I tried to solve it by:

Taking the derivative of both sides using Chain Rule:

$1 = \sec(\frac{1}{y})\tan(\frac{1}{y}) \frac{1}{y'}$

Multiplying both sides by the derivative of $y'$ to isolate $y'$:

$y'= \sec(\frac{1}{y})\tan(\frac{1}{y})$.

I do not feel this is the correct answer, so if you could tell me what I did wrong and show me the proper steps to find the correct answer, I would greatly appreciate it.

  • $\begingroup$ Note: $(1/y)' \neq 1/(y')$. Instead $(1/y)' = -y'/(y^2)$ $\endgroup$ – Graham Kemp Jun 17 '15 at 3:54
  • $\begingroup$ You implemented the chain rule incorrectly in the first step. It seems to me that you're thinking that the derivative of $\frac{1}{y(x)}$ is $\frac{1}{y'(x)}$, which is wrong. $\endgroup$ – MathNewbie Jun 17 '15 at 3:54
  • $\begingroup$ So if I change it to -y'/y^2 how would I move y' to the other side of the equation? $\endgroup$ – Sarah M Jun 17 '15 at 4:05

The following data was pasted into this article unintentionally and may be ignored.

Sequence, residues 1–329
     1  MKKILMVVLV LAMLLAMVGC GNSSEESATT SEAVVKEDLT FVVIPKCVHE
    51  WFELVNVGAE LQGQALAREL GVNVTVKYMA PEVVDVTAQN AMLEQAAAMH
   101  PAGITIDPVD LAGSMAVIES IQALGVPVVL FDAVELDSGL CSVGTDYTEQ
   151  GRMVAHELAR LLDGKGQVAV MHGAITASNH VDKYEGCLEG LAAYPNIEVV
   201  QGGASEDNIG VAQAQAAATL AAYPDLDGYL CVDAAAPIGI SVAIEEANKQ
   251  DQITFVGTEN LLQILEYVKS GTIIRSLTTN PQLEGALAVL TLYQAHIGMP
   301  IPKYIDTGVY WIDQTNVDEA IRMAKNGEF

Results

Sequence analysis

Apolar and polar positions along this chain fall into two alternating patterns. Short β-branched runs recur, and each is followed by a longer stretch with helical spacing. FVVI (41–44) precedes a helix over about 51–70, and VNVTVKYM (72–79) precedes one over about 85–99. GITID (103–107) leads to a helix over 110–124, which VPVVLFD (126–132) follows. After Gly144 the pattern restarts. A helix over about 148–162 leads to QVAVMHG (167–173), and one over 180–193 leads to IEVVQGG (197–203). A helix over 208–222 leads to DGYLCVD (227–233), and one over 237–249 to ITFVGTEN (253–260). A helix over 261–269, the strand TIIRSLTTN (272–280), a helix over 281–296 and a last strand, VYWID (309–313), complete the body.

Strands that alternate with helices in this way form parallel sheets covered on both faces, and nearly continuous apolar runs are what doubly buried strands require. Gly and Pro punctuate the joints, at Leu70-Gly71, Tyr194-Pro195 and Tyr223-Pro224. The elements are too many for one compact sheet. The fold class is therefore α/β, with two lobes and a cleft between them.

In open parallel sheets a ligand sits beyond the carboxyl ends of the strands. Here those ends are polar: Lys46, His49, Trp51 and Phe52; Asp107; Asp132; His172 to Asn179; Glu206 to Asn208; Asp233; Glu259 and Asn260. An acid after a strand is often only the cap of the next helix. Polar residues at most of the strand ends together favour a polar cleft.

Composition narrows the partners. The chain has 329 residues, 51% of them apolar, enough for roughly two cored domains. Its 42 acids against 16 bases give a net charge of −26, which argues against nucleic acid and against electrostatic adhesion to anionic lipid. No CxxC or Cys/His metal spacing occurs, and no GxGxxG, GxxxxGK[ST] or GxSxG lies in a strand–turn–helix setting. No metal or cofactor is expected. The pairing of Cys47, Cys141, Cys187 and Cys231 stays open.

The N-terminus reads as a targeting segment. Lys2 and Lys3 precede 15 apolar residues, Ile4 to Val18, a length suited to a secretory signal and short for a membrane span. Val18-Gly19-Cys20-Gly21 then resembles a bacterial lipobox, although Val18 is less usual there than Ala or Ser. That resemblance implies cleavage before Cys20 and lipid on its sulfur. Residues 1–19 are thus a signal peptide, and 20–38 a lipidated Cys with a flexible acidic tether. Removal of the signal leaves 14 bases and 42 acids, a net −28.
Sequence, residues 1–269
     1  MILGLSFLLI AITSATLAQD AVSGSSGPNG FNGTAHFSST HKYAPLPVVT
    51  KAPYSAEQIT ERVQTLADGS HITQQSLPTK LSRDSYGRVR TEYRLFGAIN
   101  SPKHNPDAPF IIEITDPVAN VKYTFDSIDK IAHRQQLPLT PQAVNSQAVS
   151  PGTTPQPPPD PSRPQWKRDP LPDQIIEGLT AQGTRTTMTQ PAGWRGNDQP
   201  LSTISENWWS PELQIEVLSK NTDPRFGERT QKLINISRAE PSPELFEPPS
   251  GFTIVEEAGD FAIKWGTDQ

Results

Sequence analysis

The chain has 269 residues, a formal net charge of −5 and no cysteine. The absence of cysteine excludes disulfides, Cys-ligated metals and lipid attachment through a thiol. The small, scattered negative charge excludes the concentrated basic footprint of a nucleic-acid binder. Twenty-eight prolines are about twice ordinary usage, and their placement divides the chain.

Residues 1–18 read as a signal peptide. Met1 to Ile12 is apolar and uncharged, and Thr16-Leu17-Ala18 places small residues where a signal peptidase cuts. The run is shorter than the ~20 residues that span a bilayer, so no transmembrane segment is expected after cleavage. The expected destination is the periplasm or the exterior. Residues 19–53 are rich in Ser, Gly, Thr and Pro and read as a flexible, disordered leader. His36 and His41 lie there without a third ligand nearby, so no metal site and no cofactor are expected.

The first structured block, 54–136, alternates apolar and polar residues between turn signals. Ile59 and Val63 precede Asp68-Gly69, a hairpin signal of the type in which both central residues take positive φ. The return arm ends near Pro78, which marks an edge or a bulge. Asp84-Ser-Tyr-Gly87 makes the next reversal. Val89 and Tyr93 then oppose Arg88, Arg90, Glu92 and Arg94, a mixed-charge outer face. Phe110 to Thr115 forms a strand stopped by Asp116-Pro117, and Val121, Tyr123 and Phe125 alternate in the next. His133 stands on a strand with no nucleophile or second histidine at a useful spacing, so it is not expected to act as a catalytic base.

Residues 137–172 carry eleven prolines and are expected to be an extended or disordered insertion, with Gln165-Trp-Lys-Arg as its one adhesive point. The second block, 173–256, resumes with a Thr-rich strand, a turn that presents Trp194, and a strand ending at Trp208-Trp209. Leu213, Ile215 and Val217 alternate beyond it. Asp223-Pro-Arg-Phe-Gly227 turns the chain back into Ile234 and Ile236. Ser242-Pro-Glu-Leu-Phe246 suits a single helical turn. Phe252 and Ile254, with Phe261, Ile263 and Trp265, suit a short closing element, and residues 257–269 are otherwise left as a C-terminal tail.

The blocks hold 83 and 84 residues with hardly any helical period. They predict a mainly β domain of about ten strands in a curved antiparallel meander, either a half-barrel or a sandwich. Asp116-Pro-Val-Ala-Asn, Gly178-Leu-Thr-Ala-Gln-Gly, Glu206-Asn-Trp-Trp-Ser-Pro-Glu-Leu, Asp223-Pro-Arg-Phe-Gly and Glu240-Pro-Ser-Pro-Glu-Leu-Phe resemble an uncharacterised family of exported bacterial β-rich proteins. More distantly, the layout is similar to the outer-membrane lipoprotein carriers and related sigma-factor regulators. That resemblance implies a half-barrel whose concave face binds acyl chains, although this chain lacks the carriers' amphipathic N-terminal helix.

Yes, you have to use the chain rule. But you have a small mistake:

$$\frac{d(1/y)}{dx} = -\frac{y'}{y^2}$$

And not $1/y'$.


$$1 =- \sec(1/y) \tan(1/y) \frac{y'}{y^2}$$

Multiplying both sides by $-y^2$, and dividing by $\sec(1/y) \tan(1/y)$, we get:

$$y' = -\frac{y^2}{\sec(1/y) \tan(1/y)}$$

  • $\begingroup$ Can you show me how to proceed from there? $\endgroup$ – Sarah M Jun 17 '15 at 5:36
  • $\begingroup$ @SarahM: check the edit. $\endgroup$ – user230734 Jun 17 '15 at 9:44
  • $\begingroup$ To solve the problem you should express $y'$ as a function of $x$ $\endgroup$ – Marco Disce Apr 12 '16 at 18:41

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